The Return of the Native By Thomas Hardy Book 6: Chapters 1-4

On the Sunday after this wedding an unusual sight was to be seen on Rainbarrow. From a distance there simply appeared to be a motionless figure standing on the top of the tumulus, just as Eustacia had stood on that lonely summit some two years and a half before. But now it was fine warm weather, with only a summer breeze blowing, and early afternoon instead of dull twilight. Those who ascended to the immediate neighbourhood of the Barrow perceived that the erect form in the centre, piercing the sky, was not really alone. Round him upon the slopes of the Barrow a number of heathmen and women were reclining or sitting at their ease. They listened to the words of the man in their midst, who was preaching, while they abstractedly pulled heather, stripped ferns, or tossed pebbles down the slope. This was the first of a series of moral lectures or Sermons on the Mount, which were to be delivered from the same place every Sunday afternoon as long as the fine weather lasted.

The commanding elevation of Rainbarrow had been chosen for two reasons: first, that it occupied a central position among the remote cottages around; secondly, that the preacher thereon could be seen from all adjacent points as soon as he arrived at his post, the view of him being thus a convenient signal to those stragglers who wished to draw near. The speaker was bareheaded, and the breeze at each waft gently lifted and lowered his hair, somewhat too thin for a man of his years, these still numbering less than thirty-three. He wore a shade over his eyes, and his face was pensive and lined; but, though these bodily features were marked with decay there was no defect in the tones of his voice, which were rich, musical, and stirring. He stated that his discourses to people were to be sometimes secular, and sometimes religious, but never dogmatic; and that his texts would be taken from all kinds of books. This afternoon the words were as follows: —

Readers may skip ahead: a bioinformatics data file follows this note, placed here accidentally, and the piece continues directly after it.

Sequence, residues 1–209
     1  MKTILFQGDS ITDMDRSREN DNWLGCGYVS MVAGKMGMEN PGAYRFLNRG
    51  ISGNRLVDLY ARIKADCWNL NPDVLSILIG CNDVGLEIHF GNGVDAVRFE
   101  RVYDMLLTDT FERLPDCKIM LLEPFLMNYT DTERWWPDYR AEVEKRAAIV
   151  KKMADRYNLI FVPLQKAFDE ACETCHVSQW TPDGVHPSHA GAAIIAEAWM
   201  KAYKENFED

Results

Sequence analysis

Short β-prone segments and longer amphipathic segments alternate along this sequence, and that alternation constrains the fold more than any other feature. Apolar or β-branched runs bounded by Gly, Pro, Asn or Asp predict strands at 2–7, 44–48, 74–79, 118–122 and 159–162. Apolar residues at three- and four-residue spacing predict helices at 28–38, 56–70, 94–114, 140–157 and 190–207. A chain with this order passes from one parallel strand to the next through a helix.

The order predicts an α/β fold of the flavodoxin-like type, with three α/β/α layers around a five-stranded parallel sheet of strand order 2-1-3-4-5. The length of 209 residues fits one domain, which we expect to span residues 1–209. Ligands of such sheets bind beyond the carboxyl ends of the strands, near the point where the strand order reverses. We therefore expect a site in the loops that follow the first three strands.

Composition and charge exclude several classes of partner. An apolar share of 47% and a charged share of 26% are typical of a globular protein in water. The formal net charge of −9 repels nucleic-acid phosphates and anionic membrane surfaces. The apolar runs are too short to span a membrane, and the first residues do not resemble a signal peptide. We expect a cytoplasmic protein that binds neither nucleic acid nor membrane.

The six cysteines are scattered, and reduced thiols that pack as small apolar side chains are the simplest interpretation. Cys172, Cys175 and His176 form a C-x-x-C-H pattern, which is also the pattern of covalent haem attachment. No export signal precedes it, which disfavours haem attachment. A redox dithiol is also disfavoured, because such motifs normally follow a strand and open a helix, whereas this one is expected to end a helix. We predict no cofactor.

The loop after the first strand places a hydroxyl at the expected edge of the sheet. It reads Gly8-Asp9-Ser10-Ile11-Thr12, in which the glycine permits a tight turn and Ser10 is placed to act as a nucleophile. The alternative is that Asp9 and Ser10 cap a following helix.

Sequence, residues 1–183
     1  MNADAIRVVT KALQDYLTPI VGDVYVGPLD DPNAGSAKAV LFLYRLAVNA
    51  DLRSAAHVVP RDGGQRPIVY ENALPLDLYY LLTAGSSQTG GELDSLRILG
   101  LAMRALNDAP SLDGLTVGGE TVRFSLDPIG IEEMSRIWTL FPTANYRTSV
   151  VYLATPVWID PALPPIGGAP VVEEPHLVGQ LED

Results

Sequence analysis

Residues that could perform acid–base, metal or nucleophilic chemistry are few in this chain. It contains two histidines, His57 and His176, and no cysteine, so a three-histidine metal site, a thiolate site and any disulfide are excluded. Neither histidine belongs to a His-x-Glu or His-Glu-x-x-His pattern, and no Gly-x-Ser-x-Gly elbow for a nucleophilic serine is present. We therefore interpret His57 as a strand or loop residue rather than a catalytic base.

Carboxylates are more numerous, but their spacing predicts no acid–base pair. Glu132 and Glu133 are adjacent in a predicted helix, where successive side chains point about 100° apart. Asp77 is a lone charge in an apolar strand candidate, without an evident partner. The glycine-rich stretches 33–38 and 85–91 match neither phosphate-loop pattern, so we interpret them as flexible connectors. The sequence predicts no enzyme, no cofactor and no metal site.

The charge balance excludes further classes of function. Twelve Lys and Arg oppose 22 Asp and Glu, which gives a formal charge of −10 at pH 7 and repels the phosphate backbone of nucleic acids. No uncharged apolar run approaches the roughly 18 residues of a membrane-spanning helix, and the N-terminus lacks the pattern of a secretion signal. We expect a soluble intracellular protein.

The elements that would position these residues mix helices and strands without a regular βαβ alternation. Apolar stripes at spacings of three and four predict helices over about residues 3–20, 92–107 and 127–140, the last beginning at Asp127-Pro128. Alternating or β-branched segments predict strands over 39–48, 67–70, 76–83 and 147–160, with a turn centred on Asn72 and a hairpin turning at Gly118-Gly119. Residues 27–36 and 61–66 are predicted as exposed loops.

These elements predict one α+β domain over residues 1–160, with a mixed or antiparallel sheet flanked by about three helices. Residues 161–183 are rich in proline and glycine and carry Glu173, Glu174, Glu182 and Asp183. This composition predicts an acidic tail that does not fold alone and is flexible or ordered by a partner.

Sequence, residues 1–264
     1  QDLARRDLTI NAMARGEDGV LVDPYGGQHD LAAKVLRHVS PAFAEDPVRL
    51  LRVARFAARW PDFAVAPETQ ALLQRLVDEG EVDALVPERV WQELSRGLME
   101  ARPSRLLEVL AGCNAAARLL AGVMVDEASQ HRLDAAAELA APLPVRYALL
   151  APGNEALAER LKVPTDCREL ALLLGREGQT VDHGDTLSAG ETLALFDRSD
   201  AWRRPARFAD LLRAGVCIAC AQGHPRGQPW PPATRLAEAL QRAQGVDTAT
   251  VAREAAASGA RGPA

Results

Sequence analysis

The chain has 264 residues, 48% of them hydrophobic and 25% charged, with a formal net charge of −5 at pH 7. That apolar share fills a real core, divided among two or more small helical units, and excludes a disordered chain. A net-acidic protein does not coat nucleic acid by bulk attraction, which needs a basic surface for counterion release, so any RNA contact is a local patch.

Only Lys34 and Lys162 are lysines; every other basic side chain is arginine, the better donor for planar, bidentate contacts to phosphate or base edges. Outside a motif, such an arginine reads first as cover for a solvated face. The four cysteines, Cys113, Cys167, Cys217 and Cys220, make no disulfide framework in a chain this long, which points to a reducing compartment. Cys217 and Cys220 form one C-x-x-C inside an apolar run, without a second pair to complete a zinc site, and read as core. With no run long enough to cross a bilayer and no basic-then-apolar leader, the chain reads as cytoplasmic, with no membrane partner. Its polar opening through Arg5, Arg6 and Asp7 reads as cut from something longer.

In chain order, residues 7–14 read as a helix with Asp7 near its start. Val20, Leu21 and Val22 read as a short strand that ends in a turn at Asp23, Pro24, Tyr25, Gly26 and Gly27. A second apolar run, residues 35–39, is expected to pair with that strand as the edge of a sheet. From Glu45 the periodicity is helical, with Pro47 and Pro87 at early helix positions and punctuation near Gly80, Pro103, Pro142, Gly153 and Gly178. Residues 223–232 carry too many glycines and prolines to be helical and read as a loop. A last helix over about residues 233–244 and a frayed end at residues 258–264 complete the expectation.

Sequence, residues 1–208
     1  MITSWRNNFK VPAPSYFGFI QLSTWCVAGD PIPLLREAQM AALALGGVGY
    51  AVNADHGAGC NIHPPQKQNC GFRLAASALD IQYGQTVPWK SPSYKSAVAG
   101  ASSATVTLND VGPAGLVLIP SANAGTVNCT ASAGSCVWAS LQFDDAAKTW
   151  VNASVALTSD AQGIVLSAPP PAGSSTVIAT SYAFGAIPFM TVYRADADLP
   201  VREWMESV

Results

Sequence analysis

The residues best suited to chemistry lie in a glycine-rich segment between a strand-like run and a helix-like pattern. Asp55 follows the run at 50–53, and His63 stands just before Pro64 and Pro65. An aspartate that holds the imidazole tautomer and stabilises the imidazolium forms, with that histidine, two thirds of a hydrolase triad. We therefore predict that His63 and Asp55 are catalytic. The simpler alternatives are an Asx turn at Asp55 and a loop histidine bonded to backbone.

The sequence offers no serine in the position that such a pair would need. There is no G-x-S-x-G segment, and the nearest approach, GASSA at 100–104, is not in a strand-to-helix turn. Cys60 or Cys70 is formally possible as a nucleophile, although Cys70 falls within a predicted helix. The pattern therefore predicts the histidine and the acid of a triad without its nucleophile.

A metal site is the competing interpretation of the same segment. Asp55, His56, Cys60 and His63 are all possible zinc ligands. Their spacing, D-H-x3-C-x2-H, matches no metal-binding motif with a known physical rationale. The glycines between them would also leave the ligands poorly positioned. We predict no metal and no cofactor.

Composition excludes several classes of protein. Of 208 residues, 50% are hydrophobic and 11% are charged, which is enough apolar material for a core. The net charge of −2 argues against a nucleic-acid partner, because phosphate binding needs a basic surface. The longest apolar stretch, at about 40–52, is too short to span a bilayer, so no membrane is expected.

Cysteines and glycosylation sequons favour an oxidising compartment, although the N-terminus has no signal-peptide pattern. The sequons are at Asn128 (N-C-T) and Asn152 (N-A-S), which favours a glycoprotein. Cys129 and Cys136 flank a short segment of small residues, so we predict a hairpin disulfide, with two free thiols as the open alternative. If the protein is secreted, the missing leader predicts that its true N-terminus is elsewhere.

"'And the king rose up to meet her, and bowed himself unto her, and sat down on his throne, and caused a seat to be set for the king's mother; and she sat on his right hand. Then she said, I desire one small petition of thee; I pray thee say me not nay. And the king said unto her, Ask, on, my mother: for I will not say thee nay.'"

Yeobright had, in fact, found his vocation in the career of an itinerant open-air preacher and lecturer on morally unimpeachable subjects; and from this day he laboured incessantly in that office, speaking not only in simple language on Rainbarrow and in the hamlets round, but in a more cultivated strain elsewhere — from the steps and porticoes of town halls, from market-crosses, from conduits, on esplanades and on wharves, from the parapets of bridges, in barns and outhouses, and all other such places in the neighbouring Wessex towns and villages. He left alone creeds and systems of philosophy, finding enough and more than enough to occupy his tongue in the opinions and actions common to all good men. Some believed him, and some believed not; some said that his words were commonplace, others complained of his want of theological doctrine; while others again remarked that it was well enough for a man to take to preaching who could not see to do anything else. But everywhere he was kindly received, for the story of his life had become generally known.

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